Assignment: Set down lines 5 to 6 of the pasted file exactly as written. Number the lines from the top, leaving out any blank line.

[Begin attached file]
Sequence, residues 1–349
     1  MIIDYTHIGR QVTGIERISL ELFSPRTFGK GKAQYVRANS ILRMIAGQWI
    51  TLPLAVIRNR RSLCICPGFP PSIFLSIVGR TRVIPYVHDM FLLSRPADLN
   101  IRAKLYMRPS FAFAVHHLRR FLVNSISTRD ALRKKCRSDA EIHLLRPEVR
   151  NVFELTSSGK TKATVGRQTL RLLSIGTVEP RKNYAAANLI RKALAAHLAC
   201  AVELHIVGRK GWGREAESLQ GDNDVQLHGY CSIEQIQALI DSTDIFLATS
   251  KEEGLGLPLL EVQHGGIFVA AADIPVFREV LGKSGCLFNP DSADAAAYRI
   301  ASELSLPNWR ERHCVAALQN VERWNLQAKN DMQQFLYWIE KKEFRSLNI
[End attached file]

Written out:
   151  NVFELTSSGK TKATVGRQTL RLLSIGTVEP RKNYAAANLI RKALAAHLAC
   201  AVELHIVGRK GWGREAESLQ GDNDVQLHGY CSIEQIQALI DSTDIFLATS